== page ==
In the early 1980s Scripps began funneling money into its chain of weekly business journals. The publications were losing readership and advertising revenue, and some criticized them as lacking hard news. In 1985 Lawrence A. Leser became president of Scripps and quickly began making changes. He sold many of the weeklies, as well as a videotape publishing business, and concentrated on building the cable, broadcast, and daily newspaper operations, particularly in the rapidly growing South and West.

In 1986 the company bought two television stations from Capital Cities Communications and the American Broadcasting Co. Scripps paid an estimated $246 million for WXYZ in Detroit and WFTS in Tampa. The company was also building a string of cable television systems. In 1986 Scripps merged with the John P. Scripps newspaper chain, which was comprised of six California newspapers and one Washington newspaper.

These purchases, along with a cable system being built in Sacramento, left the company with millions of dollars in debt. Partly in an effort to pay off this debt, the Scripps family members who controlled the Scripps trust fund decided to take the company public. In 1987, as a prelude to its stock offering, the firm officially released financial data for the first time, reporting operating income of $150 million on sales of $1.15 billion. It owned 20 daily newspapers and nine television stations and cable systems in ten states. The 1988 stock offering left the Scripps trust with approximately 75 percent ownership of the company.

In December 1988 the E.W. Scripps Company formed Scripps Howard Productions to produce and market television programs. In February 1989 it sold the six-day Florida Sun-Tattler for an undisclosed amount and bought Cable USA's system in Carroll County, Georgia. Profits for 1989 were $89.3 million on sales of $1.27 billion.

In 1990 Scripps began the SportSouth Network to provide regional sports programming on cable television in six southern states. Most of the firm's revenue continued to come from newspapers, but it believed that future growth would come from cable television. As of the early 1990s, the firm had 672,000 cable subscribers, making it one of the 20 largest cable system operators in the United States.

The E.W. Scripps Company also negotiated to buy WMAR-TV in Baltimore from Gillett Holdings for $154.7 million. Scripps backed out of the deal at the last minute and was sued by Gillett. The firms settled out of court, and Scripps bought the station for $125 million in cash. In late 1991 the company announced a modernization of the Pittsburgh Press delivery systems. The modernization, which would cause hundreds of layoffs, resulted in a crippling strike that lasted well into 1992; the newspaper was sold on December 31, 1992.

Increased Emphasis on Television in the 1990s

In 1993 the E.W. Scripps Company sold its Pharos Books and World Almanac Education units to K-III Communications and also sold its four radio stations, its television station in Memphis, Tennessee, and newspapers in Tulare, California, and San Juan, Puerto Rico. These moves occurred at the same time that the company was shifting to an increased emphasis on television and specifically on television content--as opposed to simply broadcasting. In March 1994 the E.W. Scripps Company purchased Cinetel Productions, a leading independent producer of cable-television programming. Ownership of Cinetel helped the company launch a new cable network, Home & Garden Television (HGTV), in late 1994. HGTV, which was available in 48.4 million cable homes by early 1999, marked the beginning of the company's cable narrowcasting strategy--what it called "category television." The aim was to become the predominant player in particular cable television categories. HGTV's category was that of home decorating, improvement, and maintenance; landscaping; and gardening.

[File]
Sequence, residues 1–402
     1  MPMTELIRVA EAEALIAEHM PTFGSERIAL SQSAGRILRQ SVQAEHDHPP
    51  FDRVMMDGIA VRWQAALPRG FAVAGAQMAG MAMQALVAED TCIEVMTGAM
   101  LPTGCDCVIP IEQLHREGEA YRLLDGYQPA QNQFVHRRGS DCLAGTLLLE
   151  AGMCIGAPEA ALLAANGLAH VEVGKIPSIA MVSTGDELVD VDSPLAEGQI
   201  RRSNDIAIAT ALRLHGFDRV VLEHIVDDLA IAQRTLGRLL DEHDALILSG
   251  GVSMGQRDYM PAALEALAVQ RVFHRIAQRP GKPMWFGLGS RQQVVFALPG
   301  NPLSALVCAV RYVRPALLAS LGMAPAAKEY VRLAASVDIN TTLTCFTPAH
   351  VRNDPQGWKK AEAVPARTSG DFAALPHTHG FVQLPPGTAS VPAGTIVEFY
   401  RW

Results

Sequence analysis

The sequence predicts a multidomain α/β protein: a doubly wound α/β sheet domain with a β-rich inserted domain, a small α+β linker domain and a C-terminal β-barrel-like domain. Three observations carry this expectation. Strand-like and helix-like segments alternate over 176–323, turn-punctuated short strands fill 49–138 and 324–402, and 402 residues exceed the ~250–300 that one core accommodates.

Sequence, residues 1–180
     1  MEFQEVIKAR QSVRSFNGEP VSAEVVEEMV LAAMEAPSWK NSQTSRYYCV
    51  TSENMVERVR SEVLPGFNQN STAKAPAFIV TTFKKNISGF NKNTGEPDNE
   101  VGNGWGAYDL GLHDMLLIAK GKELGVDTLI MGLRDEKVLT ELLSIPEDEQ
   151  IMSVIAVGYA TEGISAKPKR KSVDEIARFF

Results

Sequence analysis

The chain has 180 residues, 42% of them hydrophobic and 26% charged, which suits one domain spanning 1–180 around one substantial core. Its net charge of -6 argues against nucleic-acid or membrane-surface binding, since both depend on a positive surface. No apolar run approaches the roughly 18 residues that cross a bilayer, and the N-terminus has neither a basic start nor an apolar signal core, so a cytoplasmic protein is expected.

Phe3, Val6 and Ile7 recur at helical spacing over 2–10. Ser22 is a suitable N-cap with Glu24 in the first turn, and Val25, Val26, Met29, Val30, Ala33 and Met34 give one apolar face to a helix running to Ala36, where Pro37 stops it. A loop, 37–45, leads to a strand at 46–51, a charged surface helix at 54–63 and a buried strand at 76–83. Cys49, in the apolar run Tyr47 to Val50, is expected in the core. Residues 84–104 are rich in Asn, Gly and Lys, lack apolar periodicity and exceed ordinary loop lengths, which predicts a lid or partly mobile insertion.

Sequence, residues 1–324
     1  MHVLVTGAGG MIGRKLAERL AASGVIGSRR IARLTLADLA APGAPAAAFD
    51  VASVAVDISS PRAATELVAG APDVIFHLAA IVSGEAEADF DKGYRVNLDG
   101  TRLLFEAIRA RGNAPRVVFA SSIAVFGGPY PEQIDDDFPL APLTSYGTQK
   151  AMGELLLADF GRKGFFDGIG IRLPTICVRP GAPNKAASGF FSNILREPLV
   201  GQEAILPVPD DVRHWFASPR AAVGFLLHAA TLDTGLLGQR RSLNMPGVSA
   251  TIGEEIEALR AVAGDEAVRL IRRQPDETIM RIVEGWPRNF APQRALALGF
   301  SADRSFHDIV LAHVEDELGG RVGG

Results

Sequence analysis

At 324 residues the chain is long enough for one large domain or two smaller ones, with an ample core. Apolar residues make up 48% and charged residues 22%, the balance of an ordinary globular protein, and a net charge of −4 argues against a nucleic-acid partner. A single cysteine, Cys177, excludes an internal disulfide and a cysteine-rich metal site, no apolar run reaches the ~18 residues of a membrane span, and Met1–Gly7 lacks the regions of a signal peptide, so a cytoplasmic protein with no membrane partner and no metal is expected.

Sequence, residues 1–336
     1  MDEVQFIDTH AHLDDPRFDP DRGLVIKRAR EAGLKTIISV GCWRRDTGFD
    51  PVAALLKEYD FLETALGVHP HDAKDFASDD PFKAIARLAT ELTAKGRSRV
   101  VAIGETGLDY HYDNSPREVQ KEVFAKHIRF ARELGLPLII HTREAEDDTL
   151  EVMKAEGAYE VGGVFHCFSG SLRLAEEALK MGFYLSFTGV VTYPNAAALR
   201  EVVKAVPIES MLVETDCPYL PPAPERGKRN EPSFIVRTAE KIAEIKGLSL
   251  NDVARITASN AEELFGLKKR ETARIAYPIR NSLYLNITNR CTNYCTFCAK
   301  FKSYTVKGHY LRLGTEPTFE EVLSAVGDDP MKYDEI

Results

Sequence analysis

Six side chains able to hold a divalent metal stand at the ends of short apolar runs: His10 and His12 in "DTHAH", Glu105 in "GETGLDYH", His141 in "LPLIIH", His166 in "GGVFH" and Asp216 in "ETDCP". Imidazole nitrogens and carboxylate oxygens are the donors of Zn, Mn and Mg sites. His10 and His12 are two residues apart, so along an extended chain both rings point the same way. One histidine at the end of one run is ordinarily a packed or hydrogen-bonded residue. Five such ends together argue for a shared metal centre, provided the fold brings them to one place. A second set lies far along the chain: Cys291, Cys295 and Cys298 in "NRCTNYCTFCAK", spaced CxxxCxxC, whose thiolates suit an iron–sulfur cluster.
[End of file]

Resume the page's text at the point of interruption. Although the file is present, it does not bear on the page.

In 1994 Charles E. Scripps retired as company chairman, having served in that position since 1953, and was succeeded by Lawrence A. Leser. Two years later, William R. Burleigh was named president and CEO. Meantime, the E.W. Scripps Company continued to deemphasize its broadcasting side when it sold its cable systems to Comcast Corporation in November 1995 for $1.58 billion. On the newspaper side, the company divested its Watsonville, California, daily in 1995 and spent $120 million in 1996 to acquire the Vero Beach Press Journal, a daily. In August 1997 the E.W. Scripps Company traded its daily newspapers in Monterey and San Luis Obispo, California, to Knight-Ridder, Inc. for the Daily Camera, a newspaper in Boulder, Colorado. In October of that same year the company paid $775 million in cash--the firm's largest acquisition in history--for the media assets of Harte-Hanks Communications Inc., which included five daily newspapers in Texas and one in South Carolina, a group of community newspapers in Texas, and a television and radio station in San Antonio.

This purchase immediately led to the company's acquisition of a second cable category network as the television and radio station were traded for a 56 percent controlling interest in the Food Network, a cable network featuring programming on food and nutrition. In early 1999 the E.W. Scripps Company sold the community newspapers it gained via Harte-Hanks to Lionheart Holdings LLC, a community newspaper group based in Fort Worth, Texas.